No IV

Yesterday was my last day riding with my preceptee. She rides with the chief paramedic on Friday to get cut loose. She will do great. She was a pleasure to precept.

We were still checking out our equipment when we were sent for a difficulty breathing. It was an area of one of the towns we respond to where it almost always turns out to be a major call — either a heavy duty overdose or a big MI or serious trauma. It is a lower middle class working area with a big drinking/substance abuse problem. Anyway, when we arrived two cops were standing on the front lawn, not looking very excited. They explained the man in his forties was having trouble breathing, but the visiting nurse was in there with him. He had a host of medical problems, including ascites and pulmonary hypertension and was on home 02. The nurse said his pressure was 70 and she couldn’t feel a pulse. The man was breathing about thirty times a minute with clear lungs and warm, dry skin. I tried for a pressure, but couldn’t hear anything. We popped him on the monitor and he was cranking away at 200, which certainly explained it. While I felt bad for the gentleman to be in this condition, I was glad for my preceptee that she was getting a PSVT. I suggested we put him on the stretcher, do a 12 lead and then treat his rhythm right there in the living room. But when I mentioned doing an IV, the man said, “No, no IV. No IV. Uh-uh. NO!”

I hate that when that happens. We preceded to then have a battle royal about the need for an IV. He was not only adamant, but knew the right lingo. “You can’t treat me. I have the right to refuse. I will not let you put an IV in me. Let the IV nurse at the hospital do it. It took them 4 tries on me Friday. Wait until the hospital. You do not have my permission.”

We kept at it all the way out to the ambulance. When his wife showed up, I tried to enlist her, and she gave her best persuasive case, but to no avail. The patient was just yelling at us to get moving to the hospital if he was so seriously ill. We kept up our arguments. Your heart, particularly with your medical conditions isn’t strong enough to last long beating at 200 times a minute, its just a small prick in your arm versus possible lifelong disability. We are IV professionals. We teach the IV team how to do IVs(so we fibbed on that one). He finally, surprisingly relented and agreed to let us do one IV, but only in the hand. My preceptee later said she thought I was going to push her out of the way and do the IV myself, but I told her I had faith in her and she got the IV in the hand — a #20. The patient was very impressed. “You got it? It’s in? On the 1st try? I’m sorry I gave you such a hard time, its just that they never get it.”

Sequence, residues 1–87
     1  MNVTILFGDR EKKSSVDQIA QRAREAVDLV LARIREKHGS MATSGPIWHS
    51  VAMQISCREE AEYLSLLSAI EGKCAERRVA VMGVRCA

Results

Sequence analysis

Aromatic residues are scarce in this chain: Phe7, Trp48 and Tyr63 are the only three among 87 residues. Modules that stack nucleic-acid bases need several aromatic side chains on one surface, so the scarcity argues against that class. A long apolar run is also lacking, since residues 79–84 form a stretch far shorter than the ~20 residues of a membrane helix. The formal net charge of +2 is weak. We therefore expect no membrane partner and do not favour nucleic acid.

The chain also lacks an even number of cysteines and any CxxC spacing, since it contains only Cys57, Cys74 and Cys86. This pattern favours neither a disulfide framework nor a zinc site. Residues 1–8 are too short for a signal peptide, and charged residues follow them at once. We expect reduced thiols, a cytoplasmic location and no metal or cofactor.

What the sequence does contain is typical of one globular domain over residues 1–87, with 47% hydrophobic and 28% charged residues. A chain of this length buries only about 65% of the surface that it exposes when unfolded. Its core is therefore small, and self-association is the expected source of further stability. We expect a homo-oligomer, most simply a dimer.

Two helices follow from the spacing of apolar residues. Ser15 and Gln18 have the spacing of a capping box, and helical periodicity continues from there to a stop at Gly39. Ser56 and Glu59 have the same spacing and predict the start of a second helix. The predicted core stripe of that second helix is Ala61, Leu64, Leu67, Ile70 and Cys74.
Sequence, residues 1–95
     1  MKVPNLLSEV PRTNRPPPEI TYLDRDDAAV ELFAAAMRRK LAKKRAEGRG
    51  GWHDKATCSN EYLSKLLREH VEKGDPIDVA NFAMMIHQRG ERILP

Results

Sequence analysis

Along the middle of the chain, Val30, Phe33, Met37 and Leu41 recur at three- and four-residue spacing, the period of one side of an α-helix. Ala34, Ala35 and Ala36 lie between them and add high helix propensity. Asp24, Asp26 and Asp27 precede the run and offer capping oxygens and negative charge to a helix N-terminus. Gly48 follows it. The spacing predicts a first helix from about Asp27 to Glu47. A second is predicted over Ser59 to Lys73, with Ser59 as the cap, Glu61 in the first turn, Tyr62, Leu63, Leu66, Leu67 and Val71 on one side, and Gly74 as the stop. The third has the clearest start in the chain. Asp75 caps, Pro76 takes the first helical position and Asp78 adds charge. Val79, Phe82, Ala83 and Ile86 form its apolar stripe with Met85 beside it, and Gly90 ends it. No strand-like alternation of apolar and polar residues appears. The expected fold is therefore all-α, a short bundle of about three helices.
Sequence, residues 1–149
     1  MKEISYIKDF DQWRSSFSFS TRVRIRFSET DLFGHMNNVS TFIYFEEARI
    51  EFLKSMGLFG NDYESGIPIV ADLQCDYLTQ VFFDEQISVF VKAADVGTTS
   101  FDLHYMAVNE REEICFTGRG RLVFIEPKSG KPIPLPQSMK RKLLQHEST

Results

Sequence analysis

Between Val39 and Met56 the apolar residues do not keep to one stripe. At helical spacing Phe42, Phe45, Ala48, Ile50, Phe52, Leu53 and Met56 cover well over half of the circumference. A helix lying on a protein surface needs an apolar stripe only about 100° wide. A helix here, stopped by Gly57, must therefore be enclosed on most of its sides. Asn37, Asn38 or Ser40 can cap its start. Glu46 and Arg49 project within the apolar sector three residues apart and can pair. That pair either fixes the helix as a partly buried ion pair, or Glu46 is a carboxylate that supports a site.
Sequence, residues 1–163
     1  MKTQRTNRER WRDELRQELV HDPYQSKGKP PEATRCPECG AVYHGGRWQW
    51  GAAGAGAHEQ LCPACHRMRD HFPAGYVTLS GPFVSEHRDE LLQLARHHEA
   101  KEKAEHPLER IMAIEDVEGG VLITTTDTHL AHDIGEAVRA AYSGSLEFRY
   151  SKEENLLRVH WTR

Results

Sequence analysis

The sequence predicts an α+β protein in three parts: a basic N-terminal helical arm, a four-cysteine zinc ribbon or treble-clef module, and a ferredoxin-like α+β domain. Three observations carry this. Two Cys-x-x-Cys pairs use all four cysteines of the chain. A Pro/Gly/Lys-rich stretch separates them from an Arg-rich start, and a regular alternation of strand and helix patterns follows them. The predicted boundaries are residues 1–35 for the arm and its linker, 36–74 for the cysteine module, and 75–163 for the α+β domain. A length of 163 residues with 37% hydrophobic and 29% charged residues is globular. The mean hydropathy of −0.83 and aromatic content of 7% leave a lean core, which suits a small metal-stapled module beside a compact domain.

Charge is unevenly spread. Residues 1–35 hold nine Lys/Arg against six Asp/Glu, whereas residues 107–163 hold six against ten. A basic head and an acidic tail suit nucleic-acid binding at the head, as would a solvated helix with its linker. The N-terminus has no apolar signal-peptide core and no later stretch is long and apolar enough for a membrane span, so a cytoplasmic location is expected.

But a problem was the IV was in the hand and adenosine is better given in a vein closer to the heart. Still you get what you can get and I have had adenosine work many times with hand veins.

The first dose of adenosine did nothing. We did it again — this time it temporarily broke the rhythm, but caused him much distress as adenosine does when it briefly disrupts the electrical charges in the heart in an attempt to reset them. He was clutching at his chest in terror and we were shouting it will pass, it will pass, which it did (as it does) in about ten seconds, but then the heart rate went right back up to 200.